DT: How does that milestone play into your broader mission?
Michael: Our mission is to be the standard by which local governments measure their success and then improve upon it. So that 300 milestone is a great start. We’ve got the capitals of Canada, the US and UK as customers, but our goal is that that customer base would be able to look at each other and say, because we’re all using the same system of measurement and the same system of engagement, we can learn from each other — London can learn things from DC for example. They can look and say ‘well when DC did x, y change happened, why don’t we try doing x here?’ We want to be the one stop shop with a full suite of options that delivers a better outcome for our customers.
DT: What are the challenges to making this happen?
Michael: It’s largely about implementation. Governments are under-resourced. They’re filled with talented professionals but are also going through generational change. COVID in particular had people just stretched extremely thin, the weight of which was felt very profoundly in local governments, health authorities and others providing day to day services.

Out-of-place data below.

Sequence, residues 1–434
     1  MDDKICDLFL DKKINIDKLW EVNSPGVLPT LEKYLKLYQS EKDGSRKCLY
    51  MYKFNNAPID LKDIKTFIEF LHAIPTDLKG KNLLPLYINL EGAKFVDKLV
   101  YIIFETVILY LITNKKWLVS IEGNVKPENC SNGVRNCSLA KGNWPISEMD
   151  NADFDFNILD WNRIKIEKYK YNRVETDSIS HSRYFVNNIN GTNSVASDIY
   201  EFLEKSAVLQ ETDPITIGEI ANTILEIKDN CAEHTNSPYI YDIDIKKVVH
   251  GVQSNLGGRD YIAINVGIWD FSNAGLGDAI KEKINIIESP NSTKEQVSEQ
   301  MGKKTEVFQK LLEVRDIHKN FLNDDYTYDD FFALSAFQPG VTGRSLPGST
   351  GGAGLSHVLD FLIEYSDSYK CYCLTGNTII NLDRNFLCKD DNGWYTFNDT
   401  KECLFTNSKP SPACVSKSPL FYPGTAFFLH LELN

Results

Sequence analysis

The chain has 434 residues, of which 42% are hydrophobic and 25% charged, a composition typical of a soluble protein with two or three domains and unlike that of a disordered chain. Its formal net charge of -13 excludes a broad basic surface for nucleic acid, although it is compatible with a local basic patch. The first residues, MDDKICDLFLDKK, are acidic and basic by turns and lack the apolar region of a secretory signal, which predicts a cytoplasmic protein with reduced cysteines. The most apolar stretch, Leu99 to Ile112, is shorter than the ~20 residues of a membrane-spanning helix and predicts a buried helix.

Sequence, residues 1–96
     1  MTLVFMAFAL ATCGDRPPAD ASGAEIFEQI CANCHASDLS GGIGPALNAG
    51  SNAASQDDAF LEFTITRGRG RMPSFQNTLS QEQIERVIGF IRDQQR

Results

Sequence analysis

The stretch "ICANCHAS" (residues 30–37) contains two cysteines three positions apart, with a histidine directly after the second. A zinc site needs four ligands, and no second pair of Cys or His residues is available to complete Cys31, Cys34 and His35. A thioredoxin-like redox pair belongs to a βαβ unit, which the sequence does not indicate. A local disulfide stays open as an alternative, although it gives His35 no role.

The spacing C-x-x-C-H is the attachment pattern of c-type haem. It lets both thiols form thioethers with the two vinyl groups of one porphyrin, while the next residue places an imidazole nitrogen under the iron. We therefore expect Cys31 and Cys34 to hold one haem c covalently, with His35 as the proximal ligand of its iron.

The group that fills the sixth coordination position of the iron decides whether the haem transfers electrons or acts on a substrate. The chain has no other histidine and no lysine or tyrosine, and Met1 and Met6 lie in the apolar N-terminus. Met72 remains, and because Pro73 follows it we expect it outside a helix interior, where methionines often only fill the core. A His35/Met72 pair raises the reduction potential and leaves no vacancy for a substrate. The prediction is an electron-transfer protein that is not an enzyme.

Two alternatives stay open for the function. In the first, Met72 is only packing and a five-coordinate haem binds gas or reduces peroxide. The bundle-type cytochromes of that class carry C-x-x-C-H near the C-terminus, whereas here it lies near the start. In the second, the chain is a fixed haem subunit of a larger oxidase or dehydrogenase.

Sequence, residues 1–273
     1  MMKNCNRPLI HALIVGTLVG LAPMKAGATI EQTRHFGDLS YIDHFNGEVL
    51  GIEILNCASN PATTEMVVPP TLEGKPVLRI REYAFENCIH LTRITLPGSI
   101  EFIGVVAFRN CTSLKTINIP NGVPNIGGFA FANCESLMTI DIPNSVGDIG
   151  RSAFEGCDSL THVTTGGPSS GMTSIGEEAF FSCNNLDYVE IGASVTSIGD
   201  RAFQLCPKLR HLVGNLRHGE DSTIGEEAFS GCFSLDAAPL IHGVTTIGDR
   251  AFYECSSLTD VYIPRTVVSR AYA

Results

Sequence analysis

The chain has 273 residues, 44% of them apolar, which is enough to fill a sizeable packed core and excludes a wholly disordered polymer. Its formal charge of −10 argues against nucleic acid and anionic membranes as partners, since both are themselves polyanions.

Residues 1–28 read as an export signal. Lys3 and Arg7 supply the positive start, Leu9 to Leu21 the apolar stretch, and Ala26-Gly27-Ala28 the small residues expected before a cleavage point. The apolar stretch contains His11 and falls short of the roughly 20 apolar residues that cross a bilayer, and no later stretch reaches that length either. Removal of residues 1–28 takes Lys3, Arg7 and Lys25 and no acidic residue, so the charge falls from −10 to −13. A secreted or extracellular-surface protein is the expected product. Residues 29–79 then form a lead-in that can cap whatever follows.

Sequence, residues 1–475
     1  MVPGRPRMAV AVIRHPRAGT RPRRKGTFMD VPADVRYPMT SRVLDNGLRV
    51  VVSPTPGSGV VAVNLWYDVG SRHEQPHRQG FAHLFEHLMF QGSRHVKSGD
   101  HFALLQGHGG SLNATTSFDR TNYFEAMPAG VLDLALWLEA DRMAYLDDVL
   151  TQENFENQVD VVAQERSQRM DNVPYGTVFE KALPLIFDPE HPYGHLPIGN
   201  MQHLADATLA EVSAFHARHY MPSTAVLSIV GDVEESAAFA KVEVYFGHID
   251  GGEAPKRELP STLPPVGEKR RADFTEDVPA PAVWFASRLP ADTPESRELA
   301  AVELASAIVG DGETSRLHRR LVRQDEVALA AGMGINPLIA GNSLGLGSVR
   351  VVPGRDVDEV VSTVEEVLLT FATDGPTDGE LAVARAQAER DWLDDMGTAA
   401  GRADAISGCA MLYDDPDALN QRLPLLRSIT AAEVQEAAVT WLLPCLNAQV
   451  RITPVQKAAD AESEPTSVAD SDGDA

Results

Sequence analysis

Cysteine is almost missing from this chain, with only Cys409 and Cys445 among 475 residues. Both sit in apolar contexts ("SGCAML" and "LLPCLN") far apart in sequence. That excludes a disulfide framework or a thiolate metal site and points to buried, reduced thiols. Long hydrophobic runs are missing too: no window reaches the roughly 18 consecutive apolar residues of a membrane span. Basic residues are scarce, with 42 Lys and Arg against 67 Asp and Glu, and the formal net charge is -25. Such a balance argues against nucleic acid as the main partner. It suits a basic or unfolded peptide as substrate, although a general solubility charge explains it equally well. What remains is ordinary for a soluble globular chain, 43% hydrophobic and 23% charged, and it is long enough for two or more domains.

I think local government classically has been a place that avoided the vitriol of national politics. It was a place where neighbours could have constructive dialogue. People disagreed about stuff, but there wasn’t the same dynamic that there was in national politics where people are accusing each other of bad motives. I think that a combination of polarisation, changes in the media, the pandemic, etc, has made even local governments, which used to be more trusted, take a big hit. The trust is eroding and the level of intensity has risen. It’s made things more difficult.
Part of our philosophy is that by lowering the barriers to participation and making it possible to participate in a number of different ways, it levels the playing field and makes it easier to have more rational voices heard, while contextualising louder voices.